UN General Assembly hears call for worldwide pandemic warning system — Global issues

Participants in a panel titled, Challenges and opportunities in creating a global pandemic early warning systemwarned on Tuesday that we are seeing the dismantling of essential infectious disease surveillance programs, at a time when climate change is posing greater risks to public health.

Any platform will need to include data from outside of traditional public health epidemiologyspecifically about climate-affected land and water use changes,” Jim Golden, Data Director of the Pandemic Prevention Initiative at the Rockefeller Foundation, told an audience of Member States. members, Observers and Civil Society Organizations.

Reset ‘data charity’

I call “data philanthropy”, a concept that refers to private companies that share data for the public goodand new logistics of how that data is stored and shared in a “sovereign” and fair manner.

Data sovereignty is linked to data security and refers to the idea that data is subject to the laws and governance structures of the country where the data is collected.

“We need a new global digital partnership”, Dr. Golden said. “A global network of researchers connected through an open source data science platform capable of quantifying, modeling and ultimately solving every climate and health problem in every region. scale.”

Also speaking during the panel, Niamh O’Hara, CEO and co-founder of medical technology company Biotia, emphasized the importance of a “linked system” of data, especially for international collaboration, where insights are connected and data sovereignty is preserved.

More data streams

Dr O’Hara said: “Any early warning system benefits from including genomics combined with other data streams, such as land use and climate factors.

She talks about some of the projects she is involved in, among them the one that checks bird droppings and conducts virus surveillance in migratory bird hotspots in Chile. She also cites data collection on co-infection of malaria and other viruses in patients, in rural communities in Nigeria.

About 17 percent of all infectious diseases are vector-borne, meaning they transmit pathogens between people or between animals.

Such transmission is exacerbated by climate change and land useRafael Maciel-de-Freitas, a public health researcher at the Instituto Oswaldo Cruz, Fiocruz (Brazil) and the Institute of Tropical Medicine (Germany).

Zika in Brazil

He points to the transmission of Zika in Brazil, which is suspected to have been introduced into the country in 2013. Since then, more than 1,700 infants have been diagnosed with congenital Zika syndrome.

While chemicals, pollution or malnutrition could be factors, Dr Maciel-de-Freitas said an early warning system could include combining data and identifying areas of microbiology. tissues with a higher incidence of Zika disease and microcephaly in infants – unusually young children. head, related to disease.

One of his current projects is to develop an early warning system to identify outbreaks of dengue fever – another mosquito-borne viral disease – on the border of Argentina and Paraguay.

The panelists also discussed An early warning system for bacteria and antibiotic resistance could save millions of lives.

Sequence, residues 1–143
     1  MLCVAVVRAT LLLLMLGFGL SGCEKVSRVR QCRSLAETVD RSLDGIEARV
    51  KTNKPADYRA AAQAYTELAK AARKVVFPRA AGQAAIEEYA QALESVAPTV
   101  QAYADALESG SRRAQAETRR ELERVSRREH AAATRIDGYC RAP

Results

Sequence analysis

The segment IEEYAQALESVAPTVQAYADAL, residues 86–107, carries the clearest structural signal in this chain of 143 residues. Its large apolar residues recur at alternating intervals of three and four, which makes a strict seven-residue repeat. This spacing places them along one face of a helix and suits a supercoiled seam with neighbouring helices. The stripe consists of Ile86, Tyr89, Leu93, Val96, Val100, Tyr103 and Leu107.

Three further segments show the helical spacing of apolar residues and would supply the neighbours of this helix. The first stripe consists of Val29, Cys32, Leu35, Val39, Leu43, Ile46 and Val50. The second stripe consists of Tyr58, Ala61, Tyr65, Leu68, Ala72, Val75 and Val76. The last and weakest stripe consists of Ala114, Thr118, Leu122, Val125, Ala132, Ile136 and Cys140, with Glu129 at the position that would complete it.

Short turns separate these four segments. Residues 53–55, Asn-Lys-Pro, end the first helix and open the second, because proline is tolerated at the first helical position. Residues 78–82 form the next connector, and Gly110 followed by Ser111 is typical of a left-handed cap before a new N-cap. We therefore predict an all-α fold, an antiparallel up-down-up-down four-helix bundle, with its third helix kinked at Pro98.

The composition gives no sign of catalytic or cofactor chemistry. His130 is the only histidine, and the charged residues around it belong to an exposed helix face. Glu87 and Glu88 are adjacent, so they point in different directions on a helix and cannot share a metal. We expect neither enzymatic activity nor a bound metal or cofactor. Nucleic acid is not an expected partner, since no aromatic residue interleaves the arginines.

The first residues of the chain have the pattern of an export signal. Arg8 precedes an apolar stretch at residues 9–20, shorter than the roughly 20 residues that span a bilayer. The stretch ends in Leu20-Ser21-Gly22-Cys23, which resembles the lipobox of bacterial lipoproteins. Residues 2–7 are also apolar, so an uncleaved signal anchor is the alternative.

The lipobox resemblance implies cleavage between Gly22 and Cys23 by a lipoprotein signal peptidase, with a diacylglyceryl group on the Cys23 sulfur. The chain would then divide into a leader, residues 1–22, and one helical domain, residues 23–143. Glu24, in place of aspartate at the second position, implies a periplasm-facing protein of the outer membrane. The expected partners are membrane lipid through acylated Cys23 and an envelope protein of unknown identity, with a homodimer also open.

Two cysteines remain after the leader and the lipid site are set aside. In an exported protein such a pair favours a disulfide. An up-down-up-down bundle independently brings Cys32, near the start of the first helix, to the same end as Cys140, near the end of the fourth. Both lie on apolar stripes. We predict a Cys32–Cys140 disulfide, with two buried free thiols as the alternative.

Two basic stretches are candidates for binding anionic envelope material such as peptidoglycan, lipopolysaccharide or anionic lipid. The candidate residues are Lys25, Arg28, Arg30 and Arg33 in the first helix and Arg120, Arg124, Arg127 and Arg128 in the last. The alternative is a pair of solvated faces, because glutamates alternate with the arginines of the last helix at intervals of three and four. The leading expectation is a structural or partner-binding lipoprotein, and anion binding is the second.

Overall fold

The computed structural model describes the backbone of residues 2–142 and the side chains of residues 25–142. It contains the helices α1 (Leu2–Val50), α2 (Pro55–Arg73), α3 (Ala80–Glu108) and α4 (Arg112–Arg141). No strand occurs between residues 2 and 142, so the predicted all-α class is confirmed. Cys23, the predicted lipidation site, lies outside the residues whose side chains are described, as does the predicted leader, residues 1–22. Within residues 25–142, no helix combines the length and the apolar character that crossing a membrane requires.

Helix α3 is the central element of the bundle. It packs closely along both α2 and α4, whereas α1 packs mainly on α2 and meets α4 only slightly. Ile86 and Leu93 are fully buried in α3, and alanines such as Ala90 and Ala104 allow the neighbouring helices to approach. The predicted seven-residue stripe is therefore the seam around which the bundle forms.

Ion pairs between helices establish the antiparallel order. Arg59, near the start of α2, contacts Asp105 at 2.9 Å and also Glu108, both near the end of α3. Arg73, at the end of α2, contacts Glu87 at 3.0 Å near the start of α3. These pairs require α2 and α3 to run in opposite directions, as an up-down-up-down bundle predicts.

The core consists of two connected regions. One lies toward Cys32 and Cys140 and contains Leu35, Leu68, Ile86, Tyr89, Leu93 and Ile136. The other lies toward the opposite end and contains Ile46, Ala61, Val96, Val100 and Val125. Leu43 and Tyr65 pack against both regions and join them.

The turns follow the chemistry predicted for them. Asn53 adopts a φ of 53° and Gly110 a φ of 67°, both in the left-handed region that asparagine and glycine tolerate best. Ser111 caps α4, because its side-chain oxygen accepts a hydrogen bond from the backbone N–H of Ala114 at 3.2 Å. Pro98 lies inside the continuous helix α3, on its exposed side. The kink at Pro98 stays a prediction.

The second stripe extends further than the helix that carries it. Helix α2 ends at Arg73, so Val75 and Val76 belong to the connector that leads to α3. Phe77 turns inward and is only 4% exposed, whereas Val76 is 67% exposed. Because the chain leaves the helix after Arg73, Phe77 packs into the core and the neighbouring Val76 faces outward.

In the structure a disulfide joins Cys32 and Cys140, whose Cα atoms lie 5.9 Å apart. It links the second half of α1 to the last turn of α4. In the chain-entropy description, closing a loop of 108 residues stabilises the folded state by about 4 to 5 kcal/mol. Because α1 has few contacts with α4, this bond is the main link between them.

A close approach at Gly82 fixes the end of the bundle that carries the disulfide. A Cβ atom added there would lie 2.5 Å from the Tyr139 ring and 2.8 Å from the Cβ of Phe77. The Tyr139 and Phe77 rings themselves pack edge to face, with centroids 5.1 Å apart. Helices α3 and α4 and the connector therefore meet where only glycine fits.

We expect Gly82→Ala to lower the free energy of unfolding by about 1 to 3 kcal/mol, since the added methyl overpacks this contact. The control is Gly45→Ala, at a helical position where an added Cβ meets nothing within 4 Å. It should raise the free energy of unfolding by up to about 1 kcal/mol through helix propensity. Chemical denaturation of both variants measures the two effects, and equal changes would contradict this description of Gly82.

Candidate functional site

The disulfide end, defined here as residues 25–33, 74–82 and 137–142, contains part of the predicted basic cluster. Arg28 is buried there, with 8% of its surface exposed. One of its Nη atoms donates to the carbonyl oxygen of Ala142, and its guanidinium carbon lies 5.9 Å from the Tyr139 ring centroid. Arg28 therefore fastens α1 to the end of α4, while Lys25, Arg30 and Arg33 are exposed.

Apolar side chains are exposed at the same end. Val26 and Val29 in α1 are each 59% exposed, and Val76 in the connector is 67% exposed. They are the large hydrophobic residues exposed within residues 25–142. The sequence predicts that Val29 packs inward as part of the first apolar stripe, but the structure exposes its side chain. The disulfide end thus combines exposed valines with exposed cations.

Soojin Jang, Head of the Antibiotic Resistance Lab at the Pasteur Institute in Korea, said one of her projects included researchers taking samples from toilets at hospitals, universities, markets and public spaces. community to look for pathogens in the community and more broadly. scale, to test the level of antimicrobial resistance.

Antibiotic resistance monitoring

“Targeting antibiotic resistance can also benefit from an early warning system,” says Dr. Jang, adding that multiple layers of data need to be included, especially from local sources. neighborhood and community.

The concern is not the lack of data, the scientist said. More than 5,000 pieces of information are analyzed daily and interpreted by analysts around the world, according to Maria Almiron, Director of the Health Emergency Information and Risk Assessment Unit at WHO Americas Regional Office.

She noted that there are opportunities for a global early warning system to help identify future outbreaks and pandemics, as well as challenges.

While new technologies may be used, such as artificial intelligence, it is ultimately the availability of skilled people to work together that determines the quality of the data and may have immediate barriers due to lack of political will or limited financial resources.

Trust and communication

In any early warning system, cooperation, trust and timely communication are key,” Dr. Almiron called for the modernization of information systems to improve the quality and availability of data.

The workshop is the third part of a full-day scientific press conference convened by the President of the General Assembly, Csaba Kőrösi.

During other briefings, member states heard prominent scientists and academics discuss water economics, climate, conflict and cooperation.

Since taking office, President Kőrösi has stated one of his priorities for 77order The General Assembly session will bring proven science and data into the policy-making process.

The General Assembly currently has three of the 16 mandated processes, or workflows, focused on health. These include pandemic preparedness, Universal Health Coverage, and Tuberculosis.


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